Age UK is the country's largest charity dedicated to helping everyone make the most of later life. We believe in a world where everyone can love later life and we work every day to achieve this.
We help millions of people to know their rights and make the best choices for later life. We put people in control of the care they receive, while sharing best practice to improve services. We tackle loneliness, get older people active, and support people to stay independent for longer
Based in Durrington the West Restorative Justice (RJ) hub is part of the Sussex Restorative Justice Partnership and provides RJ services for West Sussex residents.
Based in Bexhill the East Restorative Justice (RJ) hub is part of the Sussex Restorative Justice Partnership and provides access to RJ services for East Sussex residents.
The Brighton and Hove Restorative Justice (RJ) hub is part of the Sussex Restorative Justice Partnership and provides RJ services for Brighton & Hove residents.
Sussex Elder Abuse Recovery Service supports victims of elder abuse, including scams. Their volunteers are available to talk to and support you in getting back into the community if you have become isolated. They can attend local activities with you and help rebuild your confidence and regain your independence.
They cover West Sussex, East Sussex and Brighton and Hove.
We provide 4 different types of mediation: Community, Time2Talk (intergenerational), Family (divorce & separation) and Workplace. Mediation is confidential (unless there is a risk of harm to anybody), impartial and independent. All mediators are all either qualified with the College of Mediators and or Family Mediation Council, or working towards qualification.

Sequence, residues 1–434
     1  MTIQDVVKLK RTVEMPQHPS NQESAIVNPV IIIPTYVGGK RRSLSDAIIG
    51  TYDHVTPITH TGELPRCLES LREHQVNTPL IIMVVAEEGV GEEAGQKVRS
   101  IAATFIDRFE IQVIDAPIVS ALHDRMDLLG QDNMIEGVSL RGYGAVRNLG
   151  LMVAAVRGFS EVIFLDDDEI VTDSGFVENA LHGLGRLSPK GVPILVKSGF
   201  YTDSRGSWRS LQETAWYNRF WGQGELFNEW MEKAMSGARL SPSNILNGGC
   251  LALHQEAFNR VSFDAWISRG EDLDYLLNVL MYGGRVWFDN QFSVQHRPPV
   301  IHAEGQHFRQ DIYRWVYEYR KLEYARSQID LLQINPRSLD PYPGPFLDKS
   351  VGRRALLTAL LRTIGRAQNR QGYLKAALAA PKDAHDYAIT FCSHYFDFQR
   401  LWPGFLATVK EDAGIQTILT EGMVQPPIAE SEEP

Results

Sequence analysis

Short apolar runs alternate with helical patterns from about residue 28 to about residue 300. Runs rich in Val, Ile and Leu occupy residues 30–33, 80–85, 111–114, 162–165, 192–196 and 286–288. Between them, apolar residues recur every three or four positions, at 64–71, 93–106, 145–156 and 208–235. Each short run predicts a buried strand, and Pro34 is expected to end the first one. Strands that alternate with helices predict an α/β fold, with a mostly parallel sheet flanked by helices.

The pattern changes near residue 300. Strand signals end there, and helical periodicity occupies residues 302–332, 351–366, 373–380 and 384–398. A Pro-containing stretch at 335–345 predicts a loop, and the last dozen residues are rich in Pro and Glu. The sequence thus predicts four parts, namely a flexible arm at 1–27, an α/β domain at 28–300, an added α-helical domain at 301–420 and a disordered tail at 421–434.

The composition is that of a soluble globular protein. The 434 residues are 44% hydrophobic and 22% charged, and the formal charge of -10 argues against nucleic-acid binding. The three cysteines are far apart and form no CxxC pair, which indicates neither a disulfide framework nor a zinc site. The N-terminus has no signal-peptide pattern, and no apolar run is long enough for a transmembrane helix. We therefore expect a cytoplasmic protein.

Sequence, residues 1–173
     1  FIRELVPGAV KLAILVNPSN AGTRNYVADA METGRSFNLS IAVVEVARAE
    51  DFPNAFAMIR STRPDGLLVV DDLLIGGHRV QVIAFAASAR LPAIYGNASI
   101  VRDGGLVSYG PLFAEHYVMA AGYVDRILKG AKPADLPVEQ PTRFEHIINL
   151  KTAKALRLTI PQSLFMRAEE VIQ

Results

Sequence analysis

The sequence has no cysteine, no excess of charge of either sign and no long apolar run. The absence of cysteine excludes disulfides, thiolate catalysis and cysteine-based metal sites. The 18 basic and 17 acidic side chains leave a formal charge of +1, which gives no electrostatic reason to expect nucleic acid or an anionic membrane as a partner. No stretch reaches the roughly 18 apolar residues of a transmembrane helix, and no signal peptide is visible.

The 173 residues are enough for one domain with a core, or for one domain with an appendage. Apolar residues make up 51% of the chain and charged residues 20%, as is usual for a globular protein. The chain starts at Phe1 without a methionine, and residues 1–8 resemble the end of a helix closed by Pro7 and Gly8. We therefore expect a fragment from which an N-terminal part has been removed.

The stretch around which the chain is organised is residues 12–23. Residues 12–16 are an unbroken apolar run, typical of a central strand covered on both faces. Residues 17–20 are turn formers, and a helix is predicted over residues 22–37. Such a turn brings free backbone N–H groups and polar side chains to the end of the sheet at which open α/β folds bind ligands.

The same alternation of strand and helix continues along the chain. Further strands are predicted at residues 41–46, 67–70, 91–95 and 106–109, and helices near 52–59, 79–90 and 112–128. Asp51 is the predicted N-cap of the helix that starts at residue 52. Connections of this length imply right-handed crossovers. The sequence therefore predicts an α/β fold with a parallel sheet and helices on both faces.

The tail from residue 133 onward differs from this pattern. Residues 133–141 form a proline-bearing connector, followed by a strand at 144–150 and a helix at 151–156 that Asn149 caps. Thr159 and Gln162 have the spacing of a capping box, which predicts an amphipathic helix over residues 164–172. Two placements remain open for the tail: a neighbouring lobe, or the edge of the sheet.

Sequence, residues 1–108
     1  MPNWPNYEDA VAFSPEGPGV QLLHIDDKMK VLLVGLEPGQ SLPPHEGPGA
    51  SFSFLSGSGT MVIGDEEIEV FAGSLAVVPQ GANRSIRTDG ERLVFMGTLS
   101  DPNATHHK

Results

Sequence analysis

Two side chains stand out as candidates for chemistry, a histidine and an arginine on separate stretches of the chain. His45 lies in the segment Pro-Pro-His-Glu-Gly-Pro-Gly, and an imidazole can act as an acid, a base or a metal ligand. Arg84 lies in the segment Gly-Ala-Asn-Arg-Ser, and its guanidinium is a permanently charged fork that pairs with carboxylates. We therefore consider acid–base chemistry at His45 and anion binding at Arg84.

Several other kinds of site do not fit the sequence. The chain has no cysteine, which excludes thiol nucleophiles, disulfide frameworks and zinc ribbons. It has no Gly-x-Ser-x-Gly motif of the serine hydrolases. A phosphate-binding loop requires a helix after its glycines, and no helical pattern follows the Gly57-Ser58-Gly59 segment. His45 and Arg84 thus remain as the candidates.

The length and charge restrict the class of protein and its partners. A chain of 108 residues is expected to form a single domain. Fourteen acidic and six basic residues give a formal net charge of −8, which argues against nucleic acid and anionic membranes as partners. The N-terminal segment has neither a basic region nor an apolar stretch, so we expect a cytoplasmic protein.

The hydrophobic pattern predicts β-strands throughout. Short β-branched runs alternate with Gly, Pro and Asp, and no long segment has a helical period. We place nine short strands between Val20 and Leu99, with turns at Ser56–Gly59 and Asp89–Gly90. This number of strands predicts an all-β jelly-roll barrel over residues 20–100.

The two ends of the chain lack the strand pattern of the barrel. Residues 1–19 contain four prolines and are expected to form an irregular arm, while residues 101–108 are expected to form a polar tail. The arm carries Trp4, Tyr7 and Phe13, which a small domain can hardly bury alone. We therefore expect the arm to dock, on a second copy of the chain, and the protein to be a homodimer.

Action on Elder Abuse is a UK wide charity focusing exclusively on the issue of elder abuse. They run a free and confidential Helpline for victims and those at risk, providing both emotional and practical support. It is also available for concerned relatives, friends and professionals.
West Werks, 41-43 Portland Road,
At Time to Talk Befriending we believe our elders should be honoured and respected – not forgotten. Yet there are literally thousands of older people living in our local neighbourhoods who feel invisible and alone. It is therefore time for change!
Maintaining friendships and remaining active are two key factors to improving wellbeing in later life. We therefore cannot advocate befriending enough! Not only do strong friendships develop bridging the gap between generations, but some older people said they felt worthless and didn’t want to live anymore until they were matched with a volunteer for much needed companionship and ‘time to talk’.